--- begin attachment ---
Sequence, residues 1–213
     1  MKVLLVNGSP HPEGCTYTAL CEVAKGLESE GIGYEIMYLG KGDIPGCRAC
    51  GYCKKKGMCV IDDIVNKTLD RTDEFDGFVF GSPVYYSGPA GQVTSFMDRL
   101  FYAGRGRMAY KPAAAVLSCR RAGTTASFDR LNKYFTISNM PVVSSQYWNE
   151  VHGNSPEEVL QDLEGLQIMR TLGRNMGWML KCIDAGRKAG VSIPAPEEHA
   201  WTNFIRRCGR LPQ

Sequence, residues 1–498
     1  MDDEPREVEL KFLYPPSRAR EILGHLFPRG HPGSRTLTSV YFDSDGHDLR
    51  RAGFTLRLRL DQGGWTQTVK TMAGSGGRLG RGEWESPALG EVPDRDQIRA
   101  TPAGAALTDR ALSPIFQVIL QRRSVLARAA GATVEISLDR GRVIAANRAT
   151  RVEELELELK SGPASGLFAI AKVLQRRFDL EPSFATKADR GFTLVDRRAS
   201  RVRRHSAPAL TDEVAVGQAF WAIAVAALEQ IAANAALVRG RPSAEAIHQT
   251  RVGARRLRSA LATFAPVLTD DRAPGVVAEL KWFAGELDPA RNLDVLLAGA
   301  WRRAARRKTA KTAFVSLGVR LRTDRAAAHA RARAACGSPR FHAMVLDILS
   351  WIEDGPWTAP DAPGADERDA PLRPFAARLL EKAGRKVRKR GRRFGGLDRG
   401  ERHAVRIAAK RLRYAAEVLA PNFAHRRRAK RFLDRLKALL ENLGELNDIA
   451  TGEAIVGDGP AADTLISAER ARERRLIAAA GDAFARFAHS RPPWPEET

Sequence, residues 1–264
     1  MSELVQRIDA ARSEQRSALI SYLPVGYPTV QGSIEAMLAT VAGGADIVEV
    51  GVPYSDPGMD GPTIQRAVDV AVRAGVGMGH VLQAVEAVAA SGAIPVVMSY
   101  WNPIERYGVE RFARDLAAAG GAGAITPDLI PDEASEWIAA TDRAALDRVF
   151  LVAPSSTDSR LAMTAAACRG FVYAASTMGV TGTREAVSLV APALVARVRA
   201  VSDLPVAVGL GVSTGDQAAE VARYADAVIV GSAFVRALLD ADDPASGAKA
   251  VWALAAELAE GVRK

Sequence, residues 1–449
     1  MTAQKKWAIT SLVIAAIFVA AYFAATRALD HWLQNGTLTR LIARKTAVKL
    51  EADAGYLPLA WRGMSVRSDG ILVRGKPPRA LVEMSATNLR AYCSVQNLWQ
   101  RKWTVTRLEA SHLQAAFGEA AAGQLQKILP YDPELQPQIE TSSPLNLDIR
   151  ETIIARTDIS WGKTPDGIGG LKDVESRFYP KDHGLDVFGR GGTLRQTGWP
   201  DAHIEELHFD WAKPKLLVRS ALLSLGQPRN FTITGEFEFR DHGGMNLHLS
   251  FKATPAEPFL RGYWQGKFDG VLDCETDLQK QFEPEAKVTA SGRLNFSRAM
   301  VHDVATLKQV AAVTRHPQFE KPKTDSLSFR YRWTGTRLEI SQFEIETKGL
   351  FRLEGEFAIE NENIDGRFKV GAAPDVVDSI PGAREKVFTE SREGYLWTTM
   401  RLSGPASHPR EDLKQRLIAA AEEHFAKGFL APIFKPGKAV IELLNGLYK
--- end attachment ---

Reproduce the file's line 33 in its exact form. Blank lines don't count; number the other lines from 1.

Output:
   351  FRLEGEFAIE NENIDGRFKV GAAPDVVDSI PGAREKVFTE SREGYLWTTM